United States flag facts and handling etiquette
The United States flag was first imagined after the signing of the Declaration of Independence in 1776. The Continental Congress authorized creation of the first national flag on June 14, 1777. It was decided that the flag should have 13 stripes, alternating red and white, to represent the original 13 colonies, and that the new union be represented by 13 white stars in a blue field to signify a “new constellation.” Francis Hopkinson, one of the signers of the Declaration of Independence, is most often credited with the original design.
Today there are 50 stars on the flag to represent the 50 states, while the 13 stripes still represent the 13 British colonies that became the first states. While this may be common knowledge, Public Law 94-344, known as the Federal Flag Code, may not be as widely known. The code dictates that the flag is to be treated with respect and proper etiquette. The code is extensive, but the following guidelines can help private individuals interested in displaying their flags do so in accordance with the law.
• Flags should only be displayed in public from sunrise to sunset, unless the flag can be properly illuminated during darkness. In this instance, it may be displayed at all times.
• When displayed with other flags, such as on a single staff or lanyard, the U.S. flag should be above all other flags. If flags are displayed in a row, the U.S. flag goes to the observer’s left.
• State and local flags are traditionally flown lower than the American flag.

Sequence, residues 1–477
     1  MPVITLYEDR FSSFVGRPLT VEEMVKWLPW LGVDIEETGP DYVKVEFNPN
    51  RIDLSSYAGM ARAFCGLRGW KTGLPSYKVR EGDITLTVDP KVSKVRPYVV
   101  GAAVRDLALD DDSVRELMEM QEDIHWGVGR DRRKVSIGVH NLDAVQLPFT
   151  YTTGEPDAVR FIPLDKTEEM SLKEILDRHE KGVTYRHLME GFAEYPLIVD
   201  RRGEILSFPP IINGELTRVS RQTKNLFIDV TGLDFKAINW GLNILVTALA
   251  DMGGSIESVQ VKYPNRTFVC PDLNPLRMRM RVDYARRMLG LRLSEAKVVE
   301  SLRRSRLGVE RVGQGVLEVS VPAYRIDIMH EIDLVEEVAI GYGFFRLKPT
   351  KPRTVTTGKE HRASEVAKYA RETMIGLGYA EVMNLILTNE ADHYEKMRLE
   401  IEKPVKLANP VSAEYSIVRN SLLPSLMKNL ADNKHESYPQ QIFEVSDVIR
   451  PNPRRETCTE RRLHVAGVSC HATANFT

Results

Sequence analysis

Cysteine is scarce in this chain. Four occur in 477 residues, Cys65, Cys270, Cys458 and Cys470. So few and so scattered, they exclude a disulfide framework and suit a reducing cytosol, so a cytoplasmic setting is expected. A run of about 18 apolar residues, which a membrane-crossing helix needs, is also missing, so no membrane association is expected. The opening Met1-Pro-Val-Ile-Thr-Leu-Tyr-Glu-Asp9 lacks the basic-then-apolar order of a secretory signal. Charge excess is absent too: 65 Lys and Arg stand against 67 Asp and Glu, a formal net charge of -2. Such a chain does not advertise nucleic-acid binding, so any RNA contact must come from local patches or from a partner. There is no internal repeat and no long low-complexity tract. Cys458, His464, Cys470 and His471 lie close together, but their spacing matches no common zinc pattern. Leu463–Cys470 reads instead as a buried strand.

• During marching ceremonies or parades with other flags, the U.S. flag should be to the observer’s left.
• The flag should be displayed at every public institution and at schools during school days.
• When displayed vertically and not on a staff, the union should be on the left when observed. It should be suspended so its folds fall freely as though the flag were staffed.
• The flag should be hoisted briskly and lowered ceremoniously.
• The flag is often displayed at half-staff on days of mourning, including Memorial Day. The flag should first be hoisted to the peak for an instant, then lowered to half-staff position, which is half the distance between the top and bottom of the staff.
• On a vehicle, the U.S. flag should be displayed from a staff firmly fixed to the chassis. It should not be draped over the hood, top, sides, or back of a vehicle.
• The flag should never touch anything beneath it, such as the ground, the floor, water, or merchandise. It also should never have anything placed on it.
• A flag in poor condition should be destroyed with dignity, preferably by burning. Most American Legion posts and local Boy Scouts troops will have the resources to retire flags accordingly. Many will host annual flag retirement ceremonies on Flag Day.